After the oral examinations are complete, the ABOS works extensively with psychometricians to ensure the validity of the examination. Examiners are statistically rated on severity and consistency and adjustments are made so that candidates pass or fail based on the examination—not which examiners conducted it. After receiving and analyzing data from psychometricians, the Oral Examination Committee sets the pass/fail point and notifies examinees that their results are posted on the password-protected area on the ABOS website.

Last month, nearly 200 board-certified orthopaedic surgeon volunteers traveled to Chicago's Palmer House Hotel and spent several days working as oral examiners. Volunteer examiners come from private and academic practices and represent all regions of the country. Without their generous contribution of time and effort, the ABOS oral board examination process would not be possible. The dedication and commitment on the part of the volunteers to maintaining a standard of quality and safety in orthopaedics is commendable.

The oral examination provides an excellent "snapshot" of a surgeon's practice and is an important component in assuring the public about the quality, safety, and competence of an ABOS board-certified surgeon. That, in turn, preserves the value of the ABOS Certificate for the Diplomate. The ABOS is committed to continued refinement and improvement of the process.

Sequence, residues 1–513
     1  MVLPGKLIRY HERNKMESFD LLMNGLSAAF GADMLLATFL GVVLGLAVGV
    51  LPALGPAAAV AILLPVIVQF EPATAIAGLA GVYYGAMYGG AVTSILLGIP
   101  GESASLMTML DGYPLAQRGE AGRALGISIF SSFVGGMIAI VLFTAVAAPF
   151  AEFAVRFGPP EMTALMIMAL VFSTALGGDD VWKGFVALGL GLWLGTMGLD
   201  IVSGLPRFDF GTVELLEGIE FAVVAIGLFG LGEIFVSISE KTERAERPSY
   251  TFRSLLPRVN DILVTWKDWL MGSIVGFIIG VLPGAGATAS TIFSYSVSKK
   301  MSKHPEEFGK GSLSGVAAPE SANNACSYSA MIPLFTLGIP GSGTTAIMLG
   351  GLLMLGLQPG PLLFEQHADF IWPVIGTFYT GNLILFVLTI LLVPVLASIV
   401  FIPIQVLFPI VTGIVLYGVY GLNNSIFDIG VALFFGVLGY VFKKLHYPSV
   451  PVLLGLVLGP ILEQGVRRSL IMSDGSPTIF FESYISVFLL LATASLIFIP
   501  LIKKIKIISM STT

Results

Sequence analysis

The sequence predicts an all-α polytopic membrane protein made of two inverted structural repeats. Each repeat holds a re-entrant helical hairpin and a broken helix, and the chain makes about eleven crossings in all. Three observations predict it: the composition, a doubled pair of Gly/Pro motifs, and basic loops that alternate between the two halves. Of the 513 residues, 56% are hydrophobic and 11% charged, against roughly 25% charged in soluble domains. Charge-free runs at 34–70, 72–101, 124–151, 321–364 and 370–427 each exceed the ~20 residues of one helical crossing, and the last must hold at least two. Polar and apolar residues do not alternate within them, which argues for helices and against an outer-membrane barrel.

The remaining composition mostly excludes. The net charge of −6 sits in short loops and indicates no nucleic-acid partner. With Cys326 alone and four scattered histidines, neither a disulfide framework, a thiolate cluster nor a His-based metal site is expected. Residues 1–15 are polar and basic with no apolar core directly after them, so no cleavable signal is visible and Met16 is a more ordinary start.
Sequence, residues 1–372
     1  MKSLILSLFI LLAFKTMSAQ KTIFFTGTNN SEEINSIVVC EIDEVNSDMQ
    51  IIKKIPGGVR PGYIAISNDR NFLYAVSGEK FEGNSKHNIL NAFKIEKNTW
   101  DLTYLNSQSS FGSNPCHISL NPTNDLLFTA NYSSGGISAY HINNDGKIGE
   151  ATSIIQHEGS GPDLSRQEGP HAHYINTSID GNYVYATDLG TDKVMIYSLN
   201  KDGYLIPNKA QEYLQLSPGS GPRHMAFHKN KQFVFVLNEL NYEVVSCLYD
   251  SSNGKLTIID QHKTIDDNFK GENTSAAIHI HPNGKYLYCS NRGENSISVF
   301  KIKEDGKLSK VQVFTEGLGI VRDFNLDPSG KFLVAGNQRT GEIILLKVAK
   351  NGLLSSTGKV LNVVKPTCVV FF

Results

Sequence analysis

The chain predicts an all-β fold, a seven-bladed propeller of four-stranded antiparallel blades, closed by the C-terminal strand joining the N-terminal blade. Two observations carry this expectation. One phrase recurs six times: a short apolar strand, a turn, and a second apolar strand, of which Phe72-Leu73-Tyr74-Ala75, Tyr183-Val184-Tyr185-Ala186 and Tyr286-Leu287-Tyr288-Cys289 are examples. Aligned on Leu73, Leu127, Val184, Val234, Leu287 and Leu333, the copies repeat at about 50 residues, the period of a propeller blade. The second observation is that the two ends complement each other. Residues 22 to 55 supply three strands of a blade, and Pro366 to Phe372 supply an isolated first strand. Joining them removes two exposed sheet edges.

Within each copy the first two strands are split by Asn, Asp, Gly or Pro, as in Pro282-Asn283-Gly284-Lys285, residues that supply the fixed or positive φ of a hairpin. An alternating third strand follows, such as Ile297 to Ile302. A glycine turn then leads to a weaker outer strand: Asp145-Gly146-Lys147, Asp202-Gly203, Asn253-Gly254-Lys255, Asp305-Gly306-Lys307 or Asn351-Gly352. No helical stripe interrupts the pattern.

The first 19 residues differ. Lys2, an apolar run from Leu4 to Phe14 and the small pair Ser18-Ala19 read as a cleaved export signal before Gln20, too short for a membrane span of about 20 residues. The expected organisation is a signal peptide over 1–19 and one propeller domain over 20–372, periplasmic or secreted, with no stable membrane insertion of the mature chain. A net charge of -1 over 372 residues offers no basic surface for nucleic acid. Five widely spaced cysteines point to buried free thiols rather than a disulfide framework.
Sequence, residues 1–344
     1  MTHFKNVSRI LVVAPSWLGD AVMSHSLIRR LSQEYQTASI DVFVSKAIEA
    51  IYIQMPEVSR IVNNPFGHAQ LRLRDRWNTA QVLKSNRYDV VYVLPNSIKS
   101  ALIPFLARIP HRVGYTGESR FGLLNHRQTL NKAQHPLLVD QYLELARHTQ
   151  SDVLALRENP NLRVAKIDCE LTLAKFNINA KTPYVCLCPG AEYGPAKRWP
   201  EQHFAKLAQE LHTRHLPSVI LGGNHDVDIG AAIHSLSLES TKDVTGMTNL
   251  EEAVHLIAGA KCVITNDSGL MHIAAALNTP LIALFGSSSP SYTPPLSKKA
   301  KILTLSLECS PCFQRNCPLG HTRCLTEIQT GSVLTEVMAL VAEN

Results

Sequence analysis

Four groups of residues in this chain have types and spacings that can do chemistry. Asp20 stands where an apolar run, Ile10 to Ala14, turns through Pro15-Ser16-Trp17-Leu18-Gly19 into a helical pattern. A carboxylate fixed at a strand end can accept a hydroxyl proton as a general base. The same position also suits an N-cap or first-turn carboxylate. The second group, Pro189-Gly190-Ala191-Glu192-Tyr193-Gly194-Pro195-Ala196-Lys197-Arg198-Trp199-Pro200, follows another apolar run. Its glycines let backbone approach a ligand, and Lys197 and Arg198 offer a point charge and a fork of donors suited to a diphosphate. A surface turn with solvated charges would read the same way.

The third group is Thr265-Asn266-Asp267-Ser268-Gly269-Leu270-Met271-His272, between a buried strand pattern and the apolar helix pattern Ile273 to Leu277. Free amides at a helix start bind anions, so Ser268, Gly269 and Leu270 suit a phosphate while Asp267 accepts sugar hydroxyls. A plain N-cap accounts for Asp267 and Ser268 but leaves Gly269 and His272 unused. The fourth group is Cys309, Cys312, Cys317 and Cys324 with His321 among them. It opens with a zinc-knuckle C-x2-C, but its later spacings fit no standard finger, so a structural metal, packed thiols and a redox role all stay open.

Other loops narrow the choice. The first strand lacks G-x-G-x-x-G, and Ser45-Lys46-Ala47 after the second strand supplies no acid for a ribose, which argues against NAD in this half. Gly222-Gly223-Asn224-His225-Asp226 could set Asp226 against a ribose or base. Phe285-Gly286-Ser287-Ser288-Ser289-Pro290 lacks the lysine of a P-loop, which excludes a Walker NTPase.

What's next?
The ABOS is currently evaluating a virtual practice evaluation (VPE) as a possible option for the final step in the MOC cycle. Diplomates would prepare for the VPE just as they would for an oral examination. They would submit a case list and 12 cases would be selected. They would upload the required records and images into the Scribe system. However, they would not have to travel to Chicago; their cases would be evaluated by examiners in Chicago without the need for the examinees' presence. The ABOS staff and board are working with psychometricians to evaluate the validity and reliability of the VPE as an assessment tool, with the possibility of offering it as a future MOC assessment option.

James R. Roberson, MD, is president of the ABOS; Douglas W. Lundy, MD, MBA, is the chairman of the oral examination committee of the ABOS and a member of the AAOS Now editorial board; and David F. Martin, MD, is the ABOS executive medical director.